Nissan revealed a new logo during its 2021 Ariya electric crossover showcase. It’s lighter and sharper than the current/outgoing embossed “NISSAN” hamburger, and I think it’s a big improvement.
(It was never actually a hamburger, by the way. “Nissan’s logo has stayed true to a belief held by its founder Yoshisuke Aikawa, ‘Shisei tenjitsu o tsuranuku,’ which he interpreted to mean, ‘If you have a strong belief, it penetrates even the sun,’” according to Nissan.)
This image was first seen a few months ago in trademark filings, but as of July 14, 2020, I guess it’s official. And the Ariya will be the first new car to wear it.
To be honest, I had completely forgotten that Nissan trademarked a new brand logo design, I only paid attention to the revised “Z” emblem. So I’m guessing I’m not the only car enthusiast who wasn’t expecting this. (Or, am I? I am I just a huge slacker today?)
At any rate, I really like the font. Particularly the Ss. They’re so balanced and elegant.
Now I want to know: Is this going to be on cars as a decal, a single piece of plastic, or eight individual embossed pieces? The latter would look the nicest. On the Ariya, it’s lit up, which... I’m not into it, but, on an electric car, it doesn’t offend me too much.
Interestingly in the Ariya application, this new logo is effectively laid over the old one which makes it look, well, pretty much like the old one when it’s not lit up. Maybe this is meant to be an intentional “emblem-transition...” There is a precedent of Nissan doing that I guess, who can forget the 1984 300ZX wearing both “Nissan” and “Datsun” emblems to help people understand it was the same company?
Nissan included a few executions of its new logo in a press release, so we can get an idea of what the logo will look like in different mediums.
The automaker also posted a little story about the two-year(!) development of this new graphic, which I’ll just share with you wholesale in case you’re interested:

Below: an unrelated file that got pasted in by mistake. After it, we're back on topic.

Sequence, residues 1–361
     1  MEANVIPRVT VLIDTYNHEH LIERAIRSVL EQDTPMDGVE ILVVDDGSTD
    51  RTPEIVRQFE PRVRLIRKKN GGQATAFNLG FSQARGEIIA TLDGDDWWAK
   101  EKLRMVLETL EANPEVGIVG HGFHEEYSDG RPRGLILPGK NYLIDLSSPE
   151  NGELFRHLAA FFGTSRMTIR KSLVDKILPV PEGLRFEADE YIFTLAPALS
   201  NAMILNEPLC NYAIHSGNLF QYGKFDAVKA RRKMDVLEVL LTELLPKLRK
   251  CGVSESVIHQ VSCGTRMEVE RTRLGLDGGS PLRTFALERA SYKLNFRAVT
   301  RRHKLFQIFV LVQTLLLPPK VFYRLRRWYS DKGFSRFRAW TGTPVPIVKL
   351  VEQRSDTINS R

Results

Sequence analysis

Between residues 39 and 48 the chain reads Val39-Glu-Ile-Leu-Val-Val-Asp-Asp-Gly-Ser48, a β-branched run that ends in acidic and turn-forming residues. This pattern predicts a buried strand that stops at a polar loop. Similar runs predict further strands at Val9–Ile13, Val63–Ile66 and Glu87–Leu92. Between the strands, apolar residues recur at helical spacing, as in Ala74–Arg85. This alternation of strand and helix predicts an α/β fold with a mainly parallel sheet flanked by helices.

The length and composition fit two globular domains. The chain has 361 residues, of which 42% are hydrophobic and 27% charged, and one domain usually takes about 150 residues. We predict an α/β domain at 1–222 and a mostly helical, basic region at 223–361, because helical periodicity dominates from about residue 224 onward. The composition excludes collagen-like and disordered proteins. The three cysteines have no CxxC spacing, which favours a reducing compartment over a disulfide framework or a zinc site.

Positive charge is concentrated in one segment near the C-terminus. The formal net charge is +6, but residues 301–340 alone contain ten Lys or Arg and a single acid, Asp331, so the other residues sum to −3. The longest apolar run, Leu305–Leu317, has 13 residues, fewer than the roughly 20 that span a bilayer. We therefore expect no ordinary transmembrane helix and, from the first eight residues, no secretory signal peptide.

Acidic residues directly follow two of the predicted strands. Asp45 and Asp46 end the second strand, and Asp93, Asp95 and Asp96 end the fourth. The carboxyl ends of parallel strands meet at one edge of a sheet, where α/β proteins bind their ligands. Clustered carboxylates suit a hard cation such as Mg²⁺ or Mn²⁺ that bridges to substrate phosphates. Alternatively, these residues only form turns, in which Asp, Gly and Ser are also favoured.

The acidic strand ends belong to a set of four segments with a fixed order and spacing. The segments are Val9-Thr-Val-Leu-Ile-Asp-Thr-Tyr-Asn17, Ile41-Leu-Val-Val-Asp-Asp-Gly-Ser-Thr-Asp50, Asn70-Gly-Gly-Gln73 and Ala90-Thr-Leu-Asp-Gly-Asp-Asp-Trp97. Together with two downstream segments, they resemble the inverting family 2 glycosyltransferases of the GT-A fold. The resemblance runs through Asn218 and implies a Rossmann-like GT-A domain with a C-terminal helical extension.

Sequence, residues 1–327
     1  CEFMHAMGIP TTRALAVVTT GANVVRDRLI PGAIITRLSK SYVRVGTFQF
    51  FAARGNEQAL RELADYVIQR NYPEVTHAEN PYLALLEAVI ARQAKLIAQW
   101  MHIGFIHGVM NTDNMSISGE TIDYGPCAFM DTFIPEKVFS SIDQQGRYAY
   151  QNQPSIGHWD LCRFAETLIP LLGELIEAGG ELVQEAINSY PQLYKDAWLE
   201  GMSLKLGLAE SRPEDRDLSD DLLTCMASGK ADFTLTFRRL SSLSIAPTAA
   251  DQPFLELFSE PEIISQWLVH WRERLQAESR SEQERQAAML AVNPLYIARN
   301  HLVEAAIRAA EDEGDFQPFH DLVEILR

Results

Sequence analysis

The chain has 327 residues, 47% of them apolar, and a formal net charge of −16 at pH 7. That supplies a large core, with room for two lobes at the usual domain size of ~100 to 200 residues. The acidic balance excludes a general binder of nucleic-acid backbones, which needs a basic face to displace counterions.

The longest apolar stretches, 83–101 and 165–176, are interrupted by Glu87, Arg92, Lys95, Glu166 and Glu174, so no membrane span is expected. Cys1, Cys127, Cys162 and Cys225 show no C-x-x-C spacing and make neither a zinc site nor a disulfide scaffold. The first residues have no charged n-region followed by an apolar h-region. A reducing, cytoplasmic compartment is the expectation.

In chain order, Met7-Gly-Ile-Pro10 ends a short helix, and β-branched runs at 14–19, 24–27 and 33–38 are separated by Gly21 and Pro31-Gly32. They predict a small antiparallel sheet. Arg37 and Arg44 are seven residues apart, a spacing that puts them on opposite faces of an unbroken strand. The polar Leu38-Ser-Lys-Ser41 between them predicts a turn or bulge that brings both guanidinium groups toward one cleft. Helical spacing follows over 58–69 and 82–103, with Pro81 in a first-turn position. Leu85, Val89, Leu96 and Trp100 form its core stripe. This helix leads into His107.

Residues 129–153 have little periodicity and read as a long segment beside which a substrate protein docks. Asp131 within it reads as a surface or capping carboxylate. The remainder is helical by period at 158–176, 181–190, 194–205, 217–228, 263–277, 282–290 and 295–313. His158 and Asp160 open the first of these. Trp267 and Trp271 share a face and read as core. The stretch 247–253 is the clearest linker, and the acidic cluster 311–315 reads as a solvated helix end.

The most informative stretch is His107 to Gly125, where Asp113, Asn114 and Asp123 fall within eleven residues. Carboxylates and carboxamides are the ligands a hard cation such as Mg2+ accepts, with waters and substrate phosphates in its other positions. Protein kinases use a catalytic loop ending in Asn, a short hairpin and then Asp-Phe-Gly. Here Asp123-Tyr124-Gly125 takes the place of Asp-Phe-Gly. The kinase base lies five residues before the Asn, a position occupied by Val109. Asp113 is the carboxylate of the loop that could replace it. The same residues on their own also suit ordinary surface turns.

“The journey began in the summer of 2017, when Alfonso Albaisa, Nissan’s senior vice president of global design, began to study potential changes to Nissan’s logo and brand identity. He set up a design team led by Tsutomu Matsuo, deputy general manager of Nissan’s advanced design department, to study everything from a subtle evolution to a complete reinvention. Albaisa offered the keywords “thin, light and flexible,” and set Matsuo and his team on their journey.
“Inspiration was drawn from breakthroughs in science, technology and connectivity. How these have brought fundamental changes to customers,” said Albaisa. “As you can imagine, visions of digitalization started swirling in our heads.”
Over the next two years, the team sketched and plotted several iterations, always keeping Aikawa’s directive words in mind: “be passionate, be an innovator, be a challenger.”
The team needed to consider several variables, including an early decision for the logo to be illuminated on upcoming all-electric models. This presented technical challenges, such as gauging the thickness of the logo’s outline to ensure a crisp impression when lit, and of course compliance with government regulations for illuminated elements on cars. The logo also needed to make a strong impression when not illuminated, such as when it appeared digitally or on paper.